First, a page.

The Vietnam War - A Look at the Ken Burns Documentary - Mike Swanson (09/28/2017)
I discussed the new Ken Burns documentary on Vietnam on The Ochelli Effect on Tuesday night.
You can download the MP3 audio file to listen by clicking here.
After I talked JP Sotille of www.newsvandal.com talked about the state of American culture.
Notes I made before the show...
The topic will be Ken Burns and the first two parts of his Vietnam War Series.
I have my own thoughts.
But here are two articles:
Burns tried to be all things to all people, while failing at the most important task, making history valuable to the present. He does not seem in search of lessons, only in creating a catalog of Vietnam stuff and leaving it on the table for us to poke at, like historical amuse bouche. By eschewing experts from his interviews to focus on “real people” and their anecdotes, Burns by default puts himself into the expert role. He then chooses not to responsibly occupy it.
There is no reckoning in The Vietnam War, and it is doubtful there ever will be. You can’t close the book on Vietnam if you want to keep it open for Syria, or Iran, or wherever America makes war on an industrial scale against nations far less advanced, and commits torture, assassinations, and mass killings all the while trying to hide its dirty hands from the American public with the media’s financially-comfortable cooperation.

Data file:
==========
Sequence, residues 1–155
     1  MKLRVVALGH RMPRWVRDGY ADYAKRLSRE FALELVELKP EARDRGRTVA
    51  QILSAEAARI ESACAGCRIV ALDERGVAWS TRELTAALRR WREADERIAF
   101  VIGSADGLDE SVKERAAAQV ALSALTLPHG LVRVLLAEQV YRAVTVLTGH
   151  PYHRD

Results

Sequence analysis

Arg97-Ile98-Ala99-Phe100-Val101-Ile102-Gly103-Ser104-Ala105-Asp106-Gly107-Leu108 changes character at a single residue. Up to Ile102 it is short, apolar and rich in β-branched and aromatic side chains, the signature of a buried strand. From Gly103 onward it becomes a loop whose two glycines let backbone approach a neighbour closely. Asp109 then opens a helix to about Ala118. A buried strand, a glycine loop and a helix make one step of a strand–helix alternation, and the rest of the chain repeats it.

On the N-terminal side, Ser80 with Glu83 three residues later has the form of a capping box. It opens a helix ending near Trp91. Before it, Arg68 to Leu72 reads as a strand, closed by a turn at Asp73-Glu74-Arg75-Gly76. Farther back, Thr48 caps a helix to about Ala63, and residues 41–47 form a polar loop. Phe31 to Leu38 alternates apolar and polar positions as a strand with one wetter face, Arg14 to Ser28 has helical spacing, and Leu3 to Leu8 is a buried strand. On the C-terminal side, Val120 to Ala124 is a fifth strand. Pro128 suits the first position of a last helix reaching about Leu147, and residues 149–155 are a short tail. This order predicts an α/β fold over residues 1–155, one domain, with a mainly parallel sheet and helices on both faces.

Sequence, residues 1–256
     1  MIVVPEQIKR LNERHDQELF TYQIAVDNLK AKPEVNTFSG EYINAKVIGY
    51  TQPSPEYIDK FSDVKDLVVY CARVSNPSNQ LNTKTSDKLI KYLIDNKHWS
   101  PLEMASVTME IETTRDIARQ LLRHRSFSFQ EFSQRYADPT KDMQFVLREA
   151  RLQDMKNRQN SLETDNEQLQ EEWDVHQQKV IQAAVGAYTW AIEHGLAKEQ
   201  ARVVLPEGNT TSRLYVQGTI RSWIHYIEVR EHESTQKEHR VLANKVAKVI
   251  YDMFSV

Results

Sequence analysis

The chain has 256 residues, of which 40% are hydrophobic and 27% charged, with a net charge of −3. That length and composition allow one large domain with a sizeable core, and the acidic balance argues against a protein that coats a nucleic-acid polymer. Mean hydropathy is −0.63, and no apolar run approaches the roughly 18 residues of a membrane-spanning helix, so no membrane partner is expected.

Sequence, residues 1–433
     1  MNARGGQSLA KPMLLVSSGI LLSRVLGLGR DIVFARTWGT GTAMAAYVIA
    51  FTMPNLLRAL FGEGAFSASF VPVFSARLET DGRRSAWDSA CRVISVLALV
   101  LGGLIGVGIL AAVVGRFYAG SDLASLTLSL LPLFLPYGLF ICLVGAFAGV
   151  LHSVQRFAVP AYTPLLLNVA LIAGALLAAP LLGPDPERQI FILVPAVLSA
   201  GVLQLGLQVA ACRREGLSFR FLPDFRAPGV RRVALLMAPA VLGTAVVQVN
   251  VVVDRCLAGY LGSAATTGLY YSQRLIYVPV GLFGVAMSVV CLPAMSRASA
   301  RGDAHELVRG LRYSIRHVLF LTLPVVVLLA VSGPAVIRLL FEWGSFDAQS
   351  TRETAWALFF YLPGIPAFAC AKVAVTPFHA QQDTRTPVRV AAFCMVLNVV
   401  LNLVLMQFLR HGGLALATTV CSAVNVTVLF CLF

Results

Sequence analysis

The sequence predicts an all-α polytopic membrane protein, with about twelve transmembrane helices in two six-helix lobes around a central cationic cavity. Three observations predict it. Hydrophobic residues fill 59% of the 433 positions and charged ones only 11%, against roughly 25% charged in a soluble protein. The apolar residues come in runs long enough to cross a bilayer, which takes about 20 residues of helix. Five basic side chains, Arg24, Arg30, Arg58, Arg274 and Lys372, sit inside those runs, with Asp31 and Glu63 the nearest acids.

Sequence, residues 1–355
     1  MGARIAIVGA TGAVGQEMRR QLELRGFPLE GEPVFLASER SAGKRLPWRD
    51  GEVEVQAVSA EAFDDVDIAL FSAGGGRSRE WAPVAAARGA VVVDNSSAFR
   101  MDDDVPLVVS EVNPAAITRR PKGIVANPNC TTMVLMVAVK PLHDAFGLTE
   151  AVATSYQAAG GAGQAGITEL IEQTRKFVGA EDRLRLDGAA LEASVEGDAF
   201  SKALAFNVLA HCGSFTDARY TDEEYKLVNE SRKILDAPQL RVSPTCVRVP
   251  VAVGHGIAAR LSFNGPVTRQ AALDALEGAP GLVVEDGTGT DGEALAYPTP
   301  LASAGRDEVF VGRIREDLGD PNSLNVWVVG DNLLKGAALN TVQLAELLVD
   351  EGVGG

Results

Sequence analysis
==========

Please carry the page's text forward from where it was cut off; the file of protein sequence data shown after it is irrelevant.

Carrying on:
Each of these wars is not the equivalent of stepping on a Lego in a darkened bedroom. It’s the same story, the same war. It has the same ending...
And James DiEugenio - Ken Burns & Lynn Novick, The Vietnam War: Part One
I predict that like those other documentaries, it will win many Emmy Awards. But not because of any intrinsic qualitative value. But because Burns has become a cultural darling. He, Novick and Ward understand how to attain funding and how to get approval through media gatekeepers. Which is not the same as writing or filming honest, valuable history....
...How in heaven’s name can one tell the story of American involvement in Vietnam without mentioning the personages of Secretary of State John Foster Dulles, CIA Director Allen Dulles, or General Edward Lansdale? With a full 18 hours at one’s disposal, I would have thought such a thing would be impossible. Yet with Burns and Novick, the impossible becomes the possible. And by doing so, the film-makers all but erase the next major step of American involvement in Vietnam, and how Musgrave got stuck on that nighttime patrol in the jungle.
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